- Choice of Instructional Format: During the COVID school-at-home period, the amount of time spent interacting with teachers and peers ranged from as little as a few remote meetings for the entire three-month period, to brief remote meetings per day, to full day schedules being followed remotely with extensive interaction with teachers and peers. Traditional homeschoolers have the option to choose how instruction is delivered—how much is directly taught by the parent, how much is online, how much is independent work, etc. Also, during the COVID school-at-home period, many parents received only large packets of worksheets and a due date. Others were given instruction and assignments digitally through online platforms. Traditional homeschoolers can choose how much instruction consists of discussion, videos, hands-on tasks, projects, online activities and/or worksheets, etc.
- Duration of the School Day: The COVID school-at-home period resulted in some parents receiving overwhelming amounts of materials from schools while others received only enough to keep kids “busy” for an hour or two per day. In New York, a state with one of the strictest regulations for homeschoolers, children being homeschooled are required to have instruction for five hours per day for 180 days. Some states waived the 180-day requirement for public school students because of the pandemic, but homeschool children continued on as usual with full-day instruction (and completion of any standardized testing!). In many cases, then, through no fault of your own, your children may have received less instruction than homeschooled children during this period.
- Choice of School Schedule: While stay-at-home orders were in place, school tasks, remote meetings, and due dates followed typical school schedules. Traditional homeschoolers have much more flexibility. Instruction can occur in the evenings, on weekends, during traditional school breaks, or even year-round. Parents can make schedule choices that best fit their children as well as their own needs for working and managing the household.
- Opportunity to Individualize: Not every child learns in the ways that were offered by schools during the school closure period. In a worst-case scenario, parents were given materials for completion that were based on whole-class abilities. In other words, some children had to deal with materials that were above or below their current performance and abilities. One of the reasons many parents decide to homeschool is the opportunity to individualize instruction. Traditional homeschool parents can choose instruction to best meet their children’s strengths, challenges, and interests and adapt methods as needed to maximize their children’s learning potential.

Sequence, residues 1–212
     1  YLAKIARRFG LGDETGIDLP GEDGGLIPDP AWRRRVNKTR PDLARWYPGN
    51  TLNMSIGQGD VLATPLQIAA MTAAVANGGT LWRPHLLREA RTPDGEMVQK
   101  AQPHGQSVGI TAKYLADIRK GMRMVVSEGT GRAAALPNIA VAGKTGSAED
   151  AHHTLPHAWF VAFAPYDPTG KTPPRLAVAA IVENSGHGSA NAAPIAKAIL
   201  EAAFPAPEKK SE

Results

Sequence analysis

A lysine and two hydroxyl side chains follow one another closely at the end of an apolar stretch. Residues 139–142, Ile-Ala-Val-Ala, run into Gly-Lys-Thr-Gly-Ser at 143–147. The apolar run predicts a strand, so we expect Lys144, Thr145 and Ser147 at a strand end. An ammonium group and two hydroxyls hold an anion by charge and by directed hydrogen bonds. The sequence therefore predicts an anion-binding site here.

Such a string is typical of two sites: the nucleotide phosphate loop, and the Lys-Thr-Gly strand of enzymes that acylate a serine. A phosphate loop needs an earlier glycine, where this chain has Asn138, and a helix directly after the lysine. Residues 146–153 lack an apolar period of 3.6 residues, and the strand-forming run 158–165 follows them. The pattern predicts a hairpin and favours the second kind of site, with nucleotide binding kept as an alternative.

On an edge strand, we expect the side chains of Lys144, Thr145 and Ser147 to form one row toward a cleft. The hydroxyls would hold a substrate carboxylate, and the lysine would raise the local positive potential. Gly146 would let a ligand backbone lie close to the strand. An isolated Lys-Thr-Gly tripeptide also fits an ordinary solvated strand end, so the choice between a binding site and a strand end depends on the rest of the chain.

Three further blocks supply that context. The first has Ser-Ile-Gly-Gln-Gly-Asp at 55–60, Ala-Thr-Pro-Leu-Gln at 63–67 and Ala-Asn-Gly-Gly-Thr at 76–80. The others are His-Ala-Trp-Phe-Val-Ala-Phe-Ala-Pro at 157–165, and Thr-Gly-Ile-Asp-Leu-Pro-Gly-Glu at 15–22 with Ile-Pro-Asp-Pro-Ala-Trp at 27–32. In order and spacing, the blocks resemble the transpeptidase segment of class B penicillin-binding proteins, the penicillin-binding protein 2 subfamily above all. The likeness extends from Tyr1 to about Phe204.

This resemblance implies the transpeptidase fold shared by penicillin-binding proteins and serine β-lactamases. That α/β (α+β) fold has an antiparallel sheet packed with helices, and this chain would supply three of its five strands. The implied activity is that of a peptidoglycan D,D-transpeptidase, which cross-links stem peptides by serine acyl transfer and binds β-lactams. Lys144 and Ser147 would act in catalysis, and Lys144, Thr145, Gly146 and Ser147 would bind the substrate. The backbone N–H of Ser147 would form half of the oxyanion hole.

- Connection to the School: Your connection to the school through the COVID school-at-home period was very different than it would be in a traditional homeschooling scenario. It varied from initial letters to parents only, to email and remote meetings, to daily communication with teachers and periodic communication with administrators. In many states, as a traditional homeschooler, communication between you and the school is very limited (sometimes to a single document). In other states, homeschool parents and home district schools exchange documents and progress reports throughout each year, but contact is still limited. On the other hand, some districts have strong connections to their local homeschool groups.
- Opportunities for Socialization: If you ask people why they wouldn’t consider homeschooling, a very common response is that children need to socialize. Homeschooled children do socialize: with parents or homeschool guides in discussion and daily activities, with siblings who are also being homeschooled, and on evenings and weekends just like other kids. When children are homeschooled, they also have opportunities to socialize with peers through co-op and homeschool support groups, programs like homeschool gym and art classes, and homeschool events in the community (e.g., homeschool days at the museum). What you experienced during the COVID school closures is “homeschooling” without any of the socialization opportunities that are available. For children, this was a worst-case isolation and not a true indication of the socialization that is possible through homeschooling networks.
As we look toward all the unknowns of back-to-school in the fall, you have choices to make. You can choose to continue with whatever the school is doing; you can supplement what the school is doing with some homeschooling, or you can choose to homeschool your children during this period. If you choose “accidental homeschooling”—that’s what us homeschoolers call it when you plan to enroll your children in traditional schools but end up homeschooling (for any number of reasons)—you are going to need information. Luckily, there are a lot of new homeschooler resources—like those on this website—that can help you find out more about what homeschooling is really like. Start by researching your state laws and then talking with local homeschoolers. They are a remarkably generous group! Time4Learing.com also offers a free Welcome to Homeschooling eBook that offers insight and helpful tips for newbies. Download it today!
Keep the conversation going by adding comments about your experiences homeschooling during the pandemic and asking questions to find out more….